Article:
Hungarian economic output grew moderately in the first quarter of 2016 relative to a year earlier. GDP decreased compared with the previous quarter, reflecting strong temporary, one-off effects. The slower drawdown of funding from the EU relative to recent years caused a sharp slowdown in construction output, while temporary factory shutdowns led to a fall in industrial production. However, the volume of industrial output recovered already in April and production rose again. Retail sales continued to expand further in April. Household consumption is expected to rise further in the coming quarters. Labour demand remained strong, and therefore the unemployment rate continued to be low in April. The time profile of this year’s economic growth is characterised by duality. The economy is expected to pick up markedly following temporary slow growth at the beginning of the year. The unwinding of one-off factors as well as the steps taken by both the Bank and the Government to support growth result in the economy picking up again. In June, the Monetary Council decided to increase the total amount available under the Funding for Growth Scheme by HUF 100 billion in order to provide further support to economic growth. On the whole, the Growth Supporting Programme, the expansion in home construction and the faster drawdown of EU transfers help maintain a growth rate of around 3 per cent. 
Moderate growth early this year results in a more negative output gap temporarily; however, the acceleration in growth and the expansionary impact on demand of next year’s budget is likely to speed up the closure of the gap. Rising incomes and the expected pick-up in lending will contribute to the expansion in consumption, which in turn provides a considerable support to economic growth in the coming years. 
Sentiment in global financial markets has been volatile since the Council’s latest interest rate-setting decision, mainly influenced by expectations related to an interest rate increase by the Fed, the release of mixed macroeconomic data in developed countries, uncertainty around the United Kingdom’s EU membership and news from the oil market. Yields on domestic long-term government securities have not changed notably since the previous policy decision. Hungary’s strong external financing capacity and the resulting decline in external debt are contributing to the sustained reduction in the vulnerability of the economy. In the Council’s assessment, a watchful approach to monetary policy is still warranted due to uncertainty in the global financial environment. Forward-looking domestic money market real interest rates are in negative territory and are declining even further as inflation rises.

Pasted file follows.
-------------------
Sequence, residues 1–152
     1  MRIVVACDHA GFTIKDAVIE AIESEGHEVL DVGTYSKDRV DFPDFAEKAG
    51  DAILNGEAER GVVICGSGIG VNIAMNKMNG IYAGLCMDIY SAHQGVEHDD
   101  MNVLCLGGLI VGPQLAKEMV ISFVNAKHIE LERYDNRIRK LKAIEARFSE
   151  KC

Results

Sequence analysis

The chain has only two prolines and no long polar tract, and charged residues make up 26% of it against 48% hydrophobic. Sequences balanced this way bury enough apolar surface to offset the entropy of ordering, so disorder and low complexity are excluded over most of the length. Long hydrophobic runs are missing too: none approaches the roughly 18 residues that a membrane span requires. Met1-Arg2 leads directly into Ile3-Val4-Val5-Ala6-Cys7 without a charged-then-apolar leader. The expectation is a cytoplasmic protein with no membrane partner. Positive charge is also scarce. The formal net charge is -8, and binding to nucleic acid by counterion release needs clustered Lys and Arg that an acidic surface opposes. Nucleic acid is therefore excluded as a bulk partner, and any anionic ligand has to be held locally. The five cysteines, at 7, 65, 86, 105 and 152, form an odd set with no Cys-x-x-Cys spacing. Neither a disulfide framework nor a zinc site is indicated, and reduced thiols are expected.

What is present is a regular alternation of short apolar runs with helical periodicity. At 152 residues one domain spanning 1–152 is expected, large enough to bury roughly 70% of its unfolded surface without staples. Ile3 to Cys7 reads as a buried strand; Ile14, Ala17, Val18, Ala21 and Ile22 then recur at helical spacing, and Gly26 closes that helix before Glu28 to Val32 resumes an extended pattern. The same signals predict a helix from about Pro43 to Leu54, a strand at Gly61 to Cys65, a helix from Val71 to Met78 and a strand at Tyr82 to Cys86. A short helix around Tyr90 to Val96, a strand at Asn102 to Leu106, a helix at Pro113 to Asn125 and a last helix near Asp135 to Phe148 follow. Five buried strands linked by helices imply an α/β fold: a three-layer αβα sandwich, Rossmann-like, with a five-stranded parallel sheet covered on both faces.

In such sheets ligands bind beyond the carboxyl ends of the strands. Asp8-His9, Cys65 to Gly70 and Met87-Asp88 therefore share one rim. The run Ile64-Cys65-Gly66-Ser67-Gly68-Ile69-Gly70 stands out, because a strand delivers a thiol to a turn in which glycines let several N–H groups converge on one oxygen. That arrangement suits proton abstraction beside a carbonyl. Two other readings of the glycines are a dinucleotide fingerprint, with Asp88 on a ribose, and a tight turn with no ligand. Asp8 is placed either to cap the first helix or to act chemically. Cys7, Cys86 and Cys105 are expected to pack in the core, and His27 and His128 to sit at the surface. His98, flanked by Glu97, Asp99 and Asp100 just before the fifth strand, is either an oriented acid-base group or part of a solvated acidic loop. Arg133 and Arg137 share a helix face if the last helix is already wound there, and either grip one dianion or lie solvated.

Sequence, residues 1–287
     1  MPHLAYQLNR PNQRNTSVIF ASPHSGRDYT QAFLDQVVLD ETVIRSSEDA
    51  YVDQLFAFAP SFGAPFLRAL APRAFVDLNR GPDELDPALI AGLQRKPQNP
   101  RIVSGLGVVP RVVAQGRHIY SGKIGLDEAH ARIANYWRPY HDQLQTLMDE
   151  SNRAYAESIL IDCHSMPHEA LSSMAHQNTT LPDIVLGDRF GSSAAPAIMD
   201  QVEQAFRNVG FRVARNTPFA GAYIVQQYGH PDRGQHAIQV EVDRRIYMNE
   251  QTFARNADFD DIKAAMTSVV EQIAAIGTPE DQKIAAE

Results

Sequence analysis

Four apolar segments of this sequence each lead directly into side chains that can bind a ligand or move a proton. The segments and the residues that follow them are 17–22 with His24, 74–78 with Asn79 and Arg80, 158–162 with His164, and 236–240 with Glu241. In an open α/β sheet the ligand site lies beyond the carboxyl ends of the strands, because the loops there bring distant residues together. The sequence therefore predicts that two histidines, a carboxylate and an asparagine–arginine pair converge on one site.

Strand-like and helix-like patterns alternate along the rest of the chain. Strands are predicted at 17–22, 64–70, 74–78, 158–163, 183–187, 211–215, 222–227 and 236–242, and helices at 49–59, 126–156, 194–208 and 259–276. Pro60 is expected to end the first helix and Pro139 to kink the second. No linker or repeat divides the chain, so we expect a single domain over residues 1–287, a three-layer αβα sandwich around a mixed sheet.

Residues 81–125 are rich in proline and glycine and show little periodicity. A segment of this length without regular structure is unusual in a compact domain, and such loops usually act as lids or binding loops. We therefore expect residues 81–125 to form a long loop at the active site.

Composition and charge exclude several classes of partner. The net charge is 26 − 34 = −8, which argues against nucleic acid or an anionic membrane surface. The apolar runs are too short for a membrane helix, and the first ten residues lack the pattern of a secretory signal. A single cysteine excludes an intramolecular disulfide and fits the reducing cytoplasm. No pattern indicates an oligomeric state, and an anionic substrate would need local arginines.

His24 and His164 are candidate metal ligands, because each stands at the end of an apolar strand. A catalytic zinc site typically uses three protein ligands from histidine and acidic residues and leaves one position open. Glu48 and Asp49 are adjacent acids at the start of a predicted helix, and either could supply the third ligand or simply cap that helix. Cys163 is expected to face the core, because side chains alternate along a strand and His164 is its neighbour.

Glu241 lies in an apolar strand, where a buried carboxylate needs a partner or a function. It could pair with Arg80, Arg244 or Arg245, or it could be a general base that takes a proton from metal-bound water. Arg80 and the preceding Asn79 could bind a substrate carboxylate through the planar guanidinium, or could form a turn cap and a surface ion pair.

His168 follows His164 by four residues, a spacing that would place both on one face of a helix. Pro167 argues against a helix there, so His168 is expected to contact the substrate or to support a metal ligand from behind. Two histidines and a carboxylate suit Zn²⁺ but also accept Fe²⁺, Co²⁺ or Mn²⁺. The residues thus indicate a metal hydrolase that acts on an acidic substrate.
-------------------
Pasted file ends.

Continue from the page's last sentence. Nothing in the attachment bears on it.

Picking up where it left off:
In the Council’s assessment, there continues to be a degree of unused capacity in the economy and inflationary pressures remain moderate for an extended period. The real economy’s disinflationary impact is gradually decreasing over the policy horizon. If the assumptions underlying the Bank’s projections hold, the current level of the base rate and maintaining loose monetary conditions for an extended period are consistent with the medium-term achievement of the inflation target and a corresponding degree of support to the economy. If the Monetary Council assesses it necessary in the future, it may also decide to use unconventional tools. 
The abridged minutes of today’s Council meeting will be published at 2 p.m. on 6 July 2016."